Interview: Photographer, Georges Antoni

Images supplied by Georges

Georges Antoni, the world-renowned Australian fashion photographer, is an artistic powerhouse whose creative journey reads like a modern fable. Born in Blackall, Queensland, Antoni studied law and commerce, then eventually became a strategic consultant at PricewaterhouseCoopers. A short time later, he founded a chain of health food stores, then lost everything. Down to his last dollars, Antoni approached a modelling agency claiming to be a photographer. In the intervening twenty-two years, he has worked—and continues to work regularly—for Vogue, Harper’s Bazaar, Grazia, Oyster, i-D, Marie Claire, Elle, and for fashion houses including Versace, Peter Alexander and Hugo Boss. Underpinning his success, and hugely impressive, is Antoni’s deeply considered, original and striking relationship to perfectionism and creativity, and while Antoni would most likely downplay his own importance, I will leave his profound words here: “the negative feedback of doing something unusual or different is never greater than the negativity I put on myself for doing something the same.” It is no small stretch to suggest that his humble, inquisitive and relentless pursuit for what he calls the perfect imperfection might act as a template for all creatives working today.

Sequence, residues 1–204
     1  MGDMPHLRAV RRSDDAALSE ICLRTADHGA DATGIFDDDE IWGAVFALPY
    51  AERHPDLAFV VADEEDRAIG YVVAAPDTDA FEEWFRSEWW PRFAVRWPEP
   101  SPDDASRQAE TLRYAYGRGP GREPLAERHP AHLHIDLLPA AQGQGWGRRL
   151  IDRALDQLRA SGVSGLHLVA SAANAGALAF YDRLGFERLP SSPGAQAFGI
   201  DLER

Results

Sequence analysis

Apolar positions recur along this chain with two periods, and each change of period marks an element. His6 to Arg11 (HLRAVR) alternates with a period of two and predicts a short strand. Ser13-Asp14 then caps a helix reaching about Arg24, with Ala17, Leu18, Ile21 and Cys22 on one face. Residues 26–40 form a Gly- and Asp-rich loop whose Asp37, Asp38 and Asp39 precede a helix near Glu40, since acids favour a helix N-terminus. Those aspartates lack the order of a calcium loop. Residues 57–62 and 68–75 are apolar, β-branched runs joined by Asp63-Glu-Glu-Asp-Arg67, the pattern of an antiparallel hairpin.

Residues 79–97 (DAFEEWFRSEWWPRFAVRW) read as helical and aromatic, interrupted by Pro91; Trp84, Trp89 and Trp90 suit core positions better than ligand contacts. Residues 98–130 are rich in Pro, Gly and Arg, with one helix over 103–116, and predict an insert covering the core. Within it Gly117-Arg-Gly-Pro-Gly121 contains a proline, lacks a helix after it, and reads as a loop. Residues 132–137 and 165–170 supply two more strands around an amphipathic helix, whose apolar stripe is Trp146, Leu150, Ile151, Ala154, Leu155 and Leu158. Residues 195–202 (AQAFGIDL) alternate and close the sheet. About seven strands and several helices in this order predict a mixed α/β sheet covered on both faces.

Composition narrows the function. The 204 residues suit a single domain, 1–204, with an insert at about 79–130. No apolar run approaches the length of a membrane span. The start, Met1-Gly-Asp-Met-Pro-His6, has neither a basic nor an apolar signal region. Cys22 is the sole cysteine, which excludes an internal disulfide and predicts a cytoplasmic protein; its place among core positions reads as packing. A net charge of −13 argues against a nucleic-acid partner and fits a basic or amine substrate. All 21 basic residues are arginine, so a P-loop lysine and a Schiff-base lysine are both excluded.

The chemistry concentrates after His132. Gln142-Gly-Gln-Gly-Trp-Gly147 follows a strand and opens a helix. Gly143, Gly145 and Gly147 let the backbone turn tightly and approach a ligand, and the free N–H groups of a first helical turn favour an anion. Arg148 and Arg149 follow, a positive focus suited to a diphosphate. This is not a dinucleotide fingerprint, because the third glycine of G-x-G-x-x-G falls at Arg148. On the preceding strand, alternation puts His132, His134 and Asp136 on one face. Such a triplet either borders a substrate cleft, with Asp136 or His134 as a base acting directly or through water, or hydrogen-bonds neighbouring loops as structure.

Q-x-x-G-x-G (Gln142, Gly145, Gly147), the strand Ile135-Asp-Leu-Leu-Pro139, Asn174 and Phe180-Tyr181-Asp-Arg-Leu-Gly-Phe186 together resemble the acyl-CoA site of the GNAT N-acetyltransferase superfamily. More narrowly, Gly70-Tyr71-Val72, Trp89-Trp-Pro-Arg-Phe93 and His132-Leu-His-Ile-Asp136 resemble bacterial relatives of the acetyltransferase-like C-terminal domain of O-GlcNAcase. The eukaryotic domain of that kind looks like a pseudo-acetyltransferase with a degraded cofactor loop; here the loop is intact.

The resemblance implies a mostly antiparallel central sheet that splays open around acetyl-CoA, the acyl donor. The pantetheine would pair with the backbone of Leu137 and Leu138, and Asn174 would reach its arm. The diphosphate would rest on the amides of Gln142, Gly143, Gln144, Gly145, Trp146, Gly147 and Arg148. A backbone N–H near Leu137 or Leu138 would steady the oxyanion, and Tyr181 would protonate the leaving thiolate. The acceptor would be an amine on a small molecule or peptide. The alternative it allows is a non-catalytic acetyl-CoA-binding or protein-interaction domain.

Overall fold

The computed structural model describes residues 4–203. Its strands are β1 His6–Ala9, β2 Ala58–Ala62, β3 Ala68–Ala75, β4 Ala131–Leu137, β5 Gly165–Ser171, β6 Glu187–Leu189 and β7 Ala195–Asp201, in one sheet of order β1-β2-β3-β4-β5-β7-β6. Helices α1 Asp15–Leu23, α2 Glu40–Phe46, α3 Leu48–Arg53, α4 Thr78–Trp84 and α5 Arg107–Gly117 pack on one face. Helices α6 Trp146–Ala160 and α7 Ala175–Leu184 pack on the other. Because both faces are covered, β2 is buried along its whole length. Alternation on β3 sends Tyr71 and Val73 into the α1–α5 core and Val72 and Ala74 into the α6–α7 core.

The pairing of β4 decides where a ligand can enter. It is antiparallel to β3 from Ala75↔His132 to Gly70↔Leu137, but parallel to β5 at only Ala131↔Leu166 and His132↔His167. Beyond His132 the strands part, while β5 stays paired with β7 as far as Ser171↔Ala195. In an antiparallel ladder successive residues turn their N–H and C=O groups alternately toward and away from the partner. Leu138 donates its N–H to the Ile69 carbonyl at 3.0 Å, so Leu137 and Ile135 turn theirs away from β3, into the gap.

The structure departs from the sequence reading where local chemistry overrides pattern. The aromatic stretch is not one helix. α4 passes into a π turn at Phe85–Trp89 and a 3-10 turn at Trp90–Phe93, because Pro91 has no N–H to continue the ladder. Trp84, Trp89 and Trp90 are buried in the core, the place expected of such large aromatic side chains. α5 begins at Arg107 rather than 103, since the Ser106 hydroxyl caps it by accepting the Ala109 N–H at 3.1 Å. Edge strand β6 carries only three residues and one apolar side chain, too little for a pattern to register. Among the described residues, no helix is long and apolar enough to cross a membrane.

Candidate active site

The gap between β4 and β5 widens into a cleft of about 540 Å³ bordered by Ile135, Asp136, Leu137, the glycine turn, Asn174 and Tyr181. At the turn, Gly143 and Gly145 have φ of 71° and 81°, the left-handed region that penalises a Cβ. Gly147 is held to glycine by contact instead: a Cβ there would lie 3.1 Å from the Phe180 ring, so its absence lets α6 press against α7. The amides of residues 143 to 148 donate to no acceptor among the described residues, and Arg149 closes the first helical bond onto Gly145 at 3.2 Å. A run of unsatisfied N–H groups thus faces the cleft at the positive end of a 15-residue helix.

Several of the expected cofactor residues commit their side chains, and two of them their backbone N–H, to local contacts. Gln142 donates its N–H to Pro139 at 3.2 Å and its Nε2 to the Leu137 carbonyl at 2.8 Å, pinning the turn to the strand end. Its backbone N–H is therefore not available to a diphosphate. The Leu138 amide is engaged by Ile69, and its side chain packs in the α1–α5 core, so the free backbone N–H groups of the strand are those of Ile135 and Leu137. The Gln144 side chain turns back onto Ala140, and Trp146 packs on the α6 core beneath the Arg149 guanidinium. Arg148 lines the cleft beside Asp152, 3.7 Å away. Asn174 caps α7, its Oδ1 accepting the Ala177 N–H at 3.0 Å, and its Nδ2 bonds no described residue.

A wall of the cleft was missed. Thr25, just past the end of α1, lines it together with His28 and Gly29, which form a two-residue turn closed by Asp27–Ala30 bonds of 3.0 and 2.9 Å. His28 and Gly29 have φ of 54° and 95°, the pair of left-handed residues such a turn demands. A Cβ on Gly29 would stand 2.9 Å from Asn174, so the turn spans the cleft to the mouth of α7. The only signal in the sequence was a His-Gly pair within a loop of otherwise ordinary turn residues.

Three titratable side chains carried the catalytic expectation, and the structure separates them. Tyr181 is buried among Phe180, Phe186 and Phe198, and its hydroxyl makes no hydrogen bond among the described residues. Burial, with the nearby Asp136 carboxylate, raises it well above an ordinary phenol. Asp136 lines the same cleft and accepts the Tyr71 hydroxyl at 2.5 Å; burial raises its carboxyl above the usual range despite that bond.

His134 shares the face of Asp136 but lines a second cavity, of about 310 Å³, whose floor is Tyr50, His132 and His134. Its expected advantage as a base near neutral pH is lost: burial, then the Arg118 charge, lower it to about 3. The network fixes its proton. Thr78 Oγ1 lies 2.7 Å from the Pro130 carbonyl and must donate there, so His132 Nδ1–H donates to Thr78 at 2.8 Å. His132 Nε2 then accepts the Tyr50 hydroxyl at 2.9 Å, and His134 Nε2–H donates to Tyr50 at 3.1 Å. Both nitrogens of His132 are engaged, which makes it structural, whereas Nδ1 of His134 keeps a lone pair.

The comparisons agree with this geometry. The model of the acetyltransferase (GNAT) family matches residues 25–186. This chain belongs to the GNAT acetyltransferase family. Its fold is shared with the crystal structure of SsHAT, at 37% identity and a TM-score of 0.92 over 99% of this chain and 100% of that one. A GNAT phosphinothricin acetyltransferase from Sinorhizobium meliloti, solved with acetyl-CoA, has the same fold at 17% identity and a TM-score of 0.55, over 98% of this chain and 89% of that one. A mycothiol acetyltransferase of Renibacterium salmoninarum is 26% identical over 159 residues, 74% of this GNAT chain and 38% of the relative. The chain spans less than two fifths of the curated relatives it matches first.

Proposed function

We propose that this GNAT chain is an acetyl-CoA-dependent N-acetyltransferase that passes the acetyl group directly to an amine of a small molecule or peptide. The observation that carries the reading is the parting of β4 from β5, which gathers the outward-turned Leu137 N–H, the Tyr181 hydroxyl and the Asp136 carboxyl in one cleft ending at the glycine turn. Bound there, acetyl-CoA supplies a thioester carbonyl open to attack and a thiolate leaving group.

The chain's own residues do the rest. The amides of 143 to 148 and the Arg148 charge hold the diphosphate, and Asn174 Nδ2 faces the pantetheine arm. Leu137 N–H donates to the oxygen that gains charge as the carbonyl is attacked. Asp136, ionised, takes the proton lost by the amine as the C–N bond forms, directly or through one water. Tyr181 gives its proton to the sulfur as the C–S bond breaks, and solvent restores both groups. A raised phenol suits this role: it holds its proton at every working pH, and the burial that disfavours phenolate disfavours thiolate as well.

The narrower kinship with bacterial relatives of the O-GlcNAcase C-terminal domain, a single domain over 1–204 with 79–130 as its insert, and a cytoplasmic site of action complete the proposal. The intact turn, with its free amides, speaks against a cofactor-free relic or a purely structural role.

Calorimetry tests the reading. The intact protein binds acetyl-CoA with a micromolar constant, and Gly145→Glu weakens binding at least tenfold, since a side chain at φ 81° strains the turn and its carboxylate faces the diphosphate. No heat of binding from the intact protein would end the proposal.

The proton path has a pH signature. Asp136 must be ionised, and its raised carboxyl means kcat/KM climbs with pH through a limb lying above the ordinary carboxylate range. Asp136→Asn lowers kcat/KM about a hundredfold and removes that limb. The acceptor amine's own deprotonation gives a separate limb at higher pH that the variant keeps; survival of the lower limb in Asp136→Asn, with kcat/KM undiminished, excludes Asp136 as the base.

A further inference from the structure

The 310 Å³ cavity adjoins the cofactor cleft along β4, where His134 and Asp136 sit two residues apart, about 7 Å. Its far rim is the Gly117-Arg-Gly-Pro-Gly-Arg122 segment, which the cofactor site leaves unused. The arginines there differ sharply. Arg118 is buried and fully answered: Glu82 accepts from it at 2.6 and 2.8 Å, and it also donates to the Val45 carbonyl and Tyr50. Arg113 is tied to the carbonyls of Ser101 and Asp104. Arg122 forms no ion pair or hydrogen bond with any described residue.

Georges, your birth as a working creative is legendary and brazen. Twenty-two years on, how do you feel about the failure of your health food shop business, and how were you able to convince the modelling agency you were a photographer?

I would say that closing down the business—that physical failure—is probably the most critical and important thing that has happened in my life. Tasting something that bitter is an incredible motivator to work as hard as you can to ensure it never happens again. I had wanted to set up my mum and dad, and the physical act of pulling down the signs and closing the business, having failed so badly, even now is bittersweet: although that pivotal failure has driven the small success I have achieved in my career.

How did I bullshit the modelling agency? Mostly, out of desperation. After the health food stores went bust, I was scheduled to return to PriceWaterhouseCoopers, but then I got a call from HR who said, “George, you can’t come to Singapore because this disease has hit called SARS.” I was desperate. I had literally no money, and I knew it would take two weeks to apply for unemployment benefits. So I got in my car and drove to a modelling agency. I had taken some photos of an ex-girlfriend on my Nikon F1, and I told them I was a fashion photographer and showed them the print out of my six favourite photos. They liked them, and even though looking back I think I was a bit of a scamming bugger, I was also clever in the sense that I didn’t think I knew more than I knew. That was important—because I literally didn’t do anything other than shoot personal work and model’s portfolios in my mum and dad’s front room for the next two and a half years. That was how I taught myself photography, and even though I had a chance to return to consulting, I didn’t want to. I fell in love with photography, and to this day I love it. So it was a challenging kind of lie at the beginning, but it turned into a truth.